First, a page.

Skip to main content

Who's Making That Racket!

The popularity of Old-Time music follows a cyclical trend. When the record industry was created in the 1920s, it was this traditional music that topped the charts. When Bill Munroe created Bluegrass, his repertoire was based in this earlier style. During the 1950s, when Pete Seeger was freaking out Joe McCarthy, Old-Time revivalists were forming the basis of the Folk Boom of the '60s. Nearly every decade has had some form of resurgence in American Folk music. The past few years seem to be showing another up-tick in this raucous music.

So, just what the heck is Old-Time? That seems to stump many people. To the layman, Old-Time gets lumped in with Bluegrass as one in the same. In fact, I didn't know the difference between the two styles until I was about a year into playing the banjo. The late Mike Seeger tried to explain it in an essay from 1997, appropriately called "What Is Old-Time Music?"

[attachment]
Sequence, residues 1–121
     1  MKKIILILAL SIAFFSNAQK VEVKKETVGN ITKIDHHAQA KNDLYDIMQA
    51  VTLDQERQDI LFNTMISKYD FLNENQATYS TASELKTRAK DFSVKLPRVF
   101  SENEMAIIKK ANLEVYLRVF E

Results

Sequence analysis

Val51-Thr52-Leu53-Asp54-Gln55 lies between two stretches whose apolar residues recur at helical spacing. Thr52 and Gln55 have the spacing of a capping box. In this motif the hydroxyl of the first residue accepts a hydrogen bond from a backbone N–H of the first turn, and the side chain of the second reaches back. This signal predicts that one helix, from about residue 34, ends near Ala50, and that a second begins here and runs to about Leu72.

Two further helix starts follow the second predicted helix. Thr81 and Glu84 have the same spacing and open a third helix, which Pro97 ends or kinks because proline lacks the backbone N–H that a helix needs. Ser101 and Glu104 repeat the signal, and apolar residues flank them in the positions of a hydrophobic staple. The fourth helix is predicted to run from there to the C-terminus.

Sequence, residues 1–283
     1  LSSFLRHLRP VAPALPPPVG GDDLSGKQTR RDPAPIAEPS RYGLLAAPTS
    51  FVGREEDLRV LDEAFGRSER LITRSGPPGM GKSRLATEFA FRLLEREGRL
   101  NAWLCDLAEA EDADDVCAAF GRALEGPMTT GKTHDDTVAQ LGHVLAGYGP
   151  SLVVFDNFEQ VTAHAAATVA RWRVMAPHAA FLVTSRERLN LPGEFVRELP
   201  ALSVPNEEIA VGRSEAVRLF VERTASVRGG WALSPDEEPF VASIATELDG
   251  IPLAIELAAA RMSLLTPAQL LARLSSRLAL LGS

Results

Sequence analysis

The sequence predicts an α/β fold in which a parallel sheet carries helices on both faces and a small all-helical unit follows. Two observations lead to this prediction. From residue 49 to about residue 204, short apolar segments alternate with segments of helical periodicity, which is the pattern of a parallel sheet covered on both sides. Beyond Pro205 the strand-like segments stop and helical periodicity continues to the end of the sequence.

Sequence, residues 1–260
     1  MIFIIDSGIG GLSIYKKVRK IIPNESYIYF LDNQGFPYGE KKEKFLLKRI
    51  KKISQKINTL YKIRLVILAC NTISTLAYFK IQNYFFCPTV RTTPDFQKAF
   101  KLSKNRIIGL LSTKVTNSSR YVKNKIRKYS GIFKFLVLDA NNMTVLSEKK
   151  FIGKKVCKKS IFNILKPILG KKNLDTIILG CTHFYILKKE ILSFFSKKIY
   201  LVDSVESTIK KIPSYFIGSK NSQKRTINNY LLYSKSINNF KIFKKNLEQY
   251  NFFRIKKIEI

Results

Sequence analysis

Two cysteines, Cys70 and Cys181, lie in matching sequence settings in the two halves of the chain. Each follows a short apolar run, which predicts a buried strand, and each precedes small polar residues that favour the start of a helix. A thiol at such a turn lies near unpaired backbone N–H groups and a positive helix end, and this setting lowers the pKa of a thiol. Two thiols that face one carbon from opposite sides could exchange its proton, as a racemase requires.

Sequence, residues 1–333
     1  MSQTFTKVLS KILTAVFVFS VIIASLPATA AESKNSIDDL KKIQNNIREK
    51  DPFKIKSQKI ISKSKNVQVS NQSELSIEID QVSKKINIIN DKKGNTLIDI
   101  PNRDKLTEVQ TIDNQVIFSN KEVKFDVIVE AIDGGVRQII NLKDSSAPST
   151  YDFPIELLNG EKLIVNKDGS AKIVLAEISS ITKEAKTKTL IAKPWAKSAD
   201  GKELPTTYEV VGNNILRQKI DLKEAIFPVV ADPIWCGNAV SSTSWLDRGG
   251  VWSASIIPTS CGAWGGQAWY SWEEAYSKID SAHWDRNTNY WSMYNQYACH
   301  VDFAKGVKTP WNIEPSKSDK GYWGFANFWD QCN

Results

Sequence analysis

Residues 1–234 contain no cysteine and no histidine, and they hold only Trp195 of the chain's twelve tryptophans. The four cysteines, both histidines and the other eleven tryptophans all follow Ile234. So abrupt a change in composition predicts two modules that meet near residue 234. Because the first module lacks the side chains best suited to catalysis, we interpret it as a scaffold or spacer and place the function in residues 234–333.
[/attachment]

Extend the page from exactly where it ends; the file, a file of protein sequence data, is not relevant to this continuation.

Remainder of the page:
I like to think of the difference between Old-Time and Bluegrass as my parents might think of the difference between the Rolling Stones and Primus. That new stuff might be faster and "cooler," but I can't dance to it. 

The confusing thing about Old-Time is that it seems to have always been called Old-Time or Old-Timey. That's probably because many of the tunes predate American settlers, as the tradition has roots in English, Irish and Scottish folk music, as well as some African influence. Like American culture, Old-Time is a melting pot of heritage and constant evolution, as the music is passed from generation to generation. 

While there are innumerable past musicians whom you should listen to if you're interested in this music, there are an increasing number of contemporary Old-Time groups that are worthy of your attention. Furthermore, these are groups that are touring now, which means you can actually see them play.